Nice article man although I disagree with you in regards to Jill Whalen. I have read a lot of her stuff and listen to her speak at conferences and I don’t think she ““was pretty much the only one giving away all the SEO secrets.” What a pompous Additionally, I don’t think SEO was ever transparent. I would argue that it is more transparent today in that there is more being written about SEO all the time and there are less loop holes to exploit. Having said that, the chef analogy is a good one. There are many people that can learn the rules of SEO, but lack the expertise to creativly apply them to different situations. And certainly, having years of experience and living through Florida, Austin, etc, gives one a perspective that newer practioners of SEO don’t have.

  • Michael Martinez

    SEO has never been completely transparent and probably never will be.

    But if we had some real industry standards people would be in a better position to share research and ideas with some hope of reward.

    There will always be a risk when you share ideas about where to get links, how to design content, etc. Someone will always try to abuse a good idea for their own selfish, short-sighted, temporary gain.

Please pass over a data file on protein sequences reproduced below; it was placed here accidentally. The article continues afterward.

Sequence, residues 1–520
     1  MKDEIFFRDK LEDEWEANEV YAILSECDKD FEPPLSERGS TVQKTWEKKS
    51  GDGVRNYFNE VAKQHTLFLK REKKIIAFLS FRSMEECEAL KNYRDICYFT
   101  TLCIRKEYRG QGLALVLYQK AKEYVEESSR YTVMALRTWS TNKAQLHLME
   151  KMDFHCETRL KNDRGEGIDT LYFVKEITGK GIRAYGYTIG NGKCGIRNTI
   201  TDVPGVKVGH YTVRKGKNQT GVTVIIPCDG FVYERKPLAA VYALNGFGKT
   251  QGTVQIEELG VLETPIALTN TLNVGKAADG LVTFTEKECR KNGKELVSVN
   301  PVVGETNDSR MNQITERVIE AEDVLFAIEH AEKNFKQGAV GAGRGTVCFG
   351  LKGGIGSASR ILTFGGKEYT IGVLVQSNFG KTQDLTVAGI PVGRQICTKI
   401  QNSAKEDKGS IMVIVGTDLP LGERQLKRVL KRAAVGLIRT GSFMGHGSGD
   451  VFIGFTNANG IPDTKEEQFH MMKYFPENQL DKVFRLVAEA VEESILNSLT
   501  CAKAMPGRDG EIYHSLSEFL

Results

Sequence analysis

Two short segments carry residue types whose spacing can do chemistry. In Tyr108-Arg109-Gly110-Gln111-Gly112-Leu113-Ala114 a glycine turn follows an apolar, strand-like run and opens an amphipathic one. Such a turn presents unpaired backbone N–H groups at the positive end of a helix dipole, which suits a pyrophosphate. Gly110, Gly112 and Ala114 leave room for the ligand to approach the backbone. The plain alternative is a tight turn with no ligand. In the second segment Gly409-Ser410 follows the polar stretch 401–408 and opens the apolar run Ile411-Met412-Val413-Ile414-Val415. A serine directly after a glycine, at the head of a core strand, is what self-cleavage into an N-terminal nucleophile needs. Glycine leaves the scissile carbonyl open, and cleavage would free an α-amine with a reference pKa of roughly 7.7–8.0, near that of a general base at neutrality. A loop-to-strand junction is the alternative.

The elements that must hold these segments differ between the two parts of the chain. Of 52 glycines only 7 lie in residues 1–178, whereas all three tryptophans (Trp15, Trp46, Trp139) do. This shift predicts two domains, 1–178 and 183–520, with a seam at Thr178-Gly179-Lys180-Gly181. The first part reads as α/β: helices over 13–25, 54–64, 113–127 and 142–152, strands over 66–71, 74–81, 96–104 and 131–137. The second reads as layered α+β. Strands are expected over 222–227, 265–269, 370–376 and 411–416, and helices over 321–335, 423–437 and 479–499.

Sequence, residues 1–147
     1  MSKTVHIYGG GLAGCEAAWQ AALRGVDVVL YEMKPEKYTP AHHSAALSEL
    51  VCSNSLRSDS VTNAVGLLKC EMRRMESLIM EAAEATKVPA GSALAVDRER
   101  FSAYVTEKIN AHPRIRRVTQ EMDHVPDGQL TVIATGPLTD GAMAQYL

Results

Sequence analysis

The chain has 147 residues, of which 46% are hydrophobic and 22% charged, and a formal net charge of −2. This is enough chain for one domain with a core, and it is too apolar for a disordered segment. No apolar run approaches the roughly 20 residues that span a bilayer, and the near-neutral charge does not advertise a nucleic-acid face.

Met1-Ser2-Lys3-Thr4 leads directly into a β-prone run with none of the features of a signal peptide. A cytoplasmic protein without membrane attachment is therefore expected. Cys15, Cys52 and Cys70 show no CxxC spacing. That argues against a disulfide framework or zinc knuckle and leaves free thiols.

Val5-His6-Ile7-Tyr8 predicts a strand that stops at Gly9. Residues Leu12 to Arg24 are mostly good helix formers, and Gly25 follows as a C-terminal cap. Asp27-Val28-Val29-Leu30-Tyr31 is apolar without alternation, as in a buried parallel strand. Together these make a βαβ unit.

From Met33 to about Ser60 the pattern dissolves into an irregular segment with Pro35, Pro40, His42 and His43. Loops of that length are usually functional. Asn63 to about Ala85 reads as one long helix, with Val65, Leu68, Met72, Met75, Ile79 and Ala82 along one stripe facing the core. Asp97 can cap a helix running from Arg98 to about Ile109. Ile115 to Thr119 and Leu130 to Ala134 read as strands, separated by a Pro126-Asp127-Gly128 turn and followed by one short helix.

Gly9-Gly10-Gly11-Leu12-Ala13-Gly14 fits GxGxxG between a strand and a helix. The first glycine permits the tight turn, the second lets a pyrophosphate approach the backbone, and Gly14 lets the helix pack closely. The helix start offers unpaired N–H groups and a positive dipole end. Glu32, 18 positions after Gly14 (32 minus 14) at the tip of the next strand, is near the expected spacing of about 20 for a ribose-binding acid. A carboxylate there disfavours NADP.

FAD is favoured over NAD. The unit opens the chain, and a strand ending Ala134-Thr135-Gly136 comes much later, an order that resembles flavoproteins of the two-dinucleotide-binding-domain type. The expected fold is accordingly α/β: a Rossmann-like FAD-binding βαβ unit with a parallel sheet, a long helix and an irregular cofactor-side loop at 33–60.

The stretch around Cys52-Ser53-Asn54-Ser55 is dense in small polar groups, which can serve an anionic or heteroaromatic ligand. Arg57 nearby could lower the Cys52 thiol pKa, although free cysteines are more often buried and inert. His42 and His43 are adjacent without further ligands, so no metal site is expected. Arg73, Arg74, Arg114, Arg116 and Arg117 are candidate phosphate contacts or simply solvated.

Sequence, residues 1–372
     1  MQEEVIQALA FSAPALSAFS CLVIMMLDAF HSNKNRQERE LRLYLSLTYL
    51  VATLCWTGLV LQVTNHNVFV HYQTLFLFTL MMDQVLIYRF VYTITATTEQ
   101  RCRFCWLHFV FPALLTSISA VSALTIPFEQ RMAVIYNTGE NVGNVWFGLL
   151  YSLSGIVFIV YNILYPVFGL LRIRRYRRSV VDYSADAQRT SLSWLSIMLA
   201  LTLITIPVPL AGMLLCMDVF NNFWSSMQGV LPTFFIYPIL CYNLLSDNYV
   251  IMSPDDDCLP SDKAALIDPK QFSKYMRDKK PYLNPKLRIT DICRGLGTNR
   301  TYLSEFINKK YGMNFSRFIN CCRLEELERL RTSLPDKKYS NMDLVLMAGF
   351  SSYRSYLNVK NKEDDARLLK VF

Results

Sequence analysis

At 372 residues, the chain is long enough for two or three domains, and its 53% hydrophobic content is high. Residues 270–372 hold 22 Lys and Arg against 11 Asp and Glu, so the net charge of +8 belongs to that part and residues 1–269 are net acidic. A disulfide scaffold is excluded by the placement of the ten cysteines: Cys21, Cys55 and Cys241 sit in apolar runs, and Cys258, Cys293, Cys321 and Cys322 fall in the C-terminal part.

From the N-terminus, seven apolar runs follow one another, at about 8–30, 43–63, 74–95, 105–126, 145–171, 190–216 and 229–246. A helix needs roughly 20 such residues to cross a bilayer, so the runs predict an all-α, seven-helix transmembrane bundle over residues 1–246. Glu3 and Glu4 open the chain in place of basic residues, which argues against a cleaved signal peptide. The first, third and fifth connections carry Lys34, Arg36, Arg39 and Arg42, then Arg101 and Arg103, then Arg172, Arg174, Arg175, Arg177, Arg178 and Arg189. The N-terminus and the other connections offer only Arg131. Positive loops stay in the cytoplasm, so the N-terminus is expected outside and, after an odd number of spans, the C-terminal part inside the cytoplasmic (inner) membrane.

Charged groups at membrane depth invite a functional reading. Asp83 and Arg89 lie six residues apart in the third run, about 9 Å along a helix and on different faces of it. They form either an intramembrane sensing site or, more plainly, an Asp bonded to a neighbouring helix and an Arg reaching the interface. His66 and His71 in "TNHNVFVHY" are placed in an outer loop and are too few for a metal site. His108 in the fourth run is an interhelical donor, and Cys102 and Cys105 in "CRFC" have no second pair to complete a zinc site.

While we cannot prevent people from running good ideas into the ground, we can focus on expanding our knowledge of reliable principles that work regardless of technique. We can also build resources that encourage peer-reviewed studies and research that benefit all Web marketers.

    Standards are about so much more than “taking a certification test” but if we have to do this in stages, then I’ll be one to step up and take a test written by other SEOs if that leads to truly opening up the discussions and leveling the playing field.

  • Barry Welford

    A most informative article, Rhea, thanks and congratulations. I think the answers depend very much on what market sectors are being looked at. For most market sectors which are not highly competitive, I think Andy Beal’s comment is golden. To do well you really need to be a chef. It’s amazing how many people reading the public SEO recipes create non-performing websites

  • DazzlinDonna

    There are several factors at play, making the death of seo transparency inevitable.

    1. The search spies (both SE employees as well as the self-glorified narcs) are paying attention more and more.

    2. The algos have progressed to a level that the webspam teams have more ability than in years past to eradicate things that are working for us.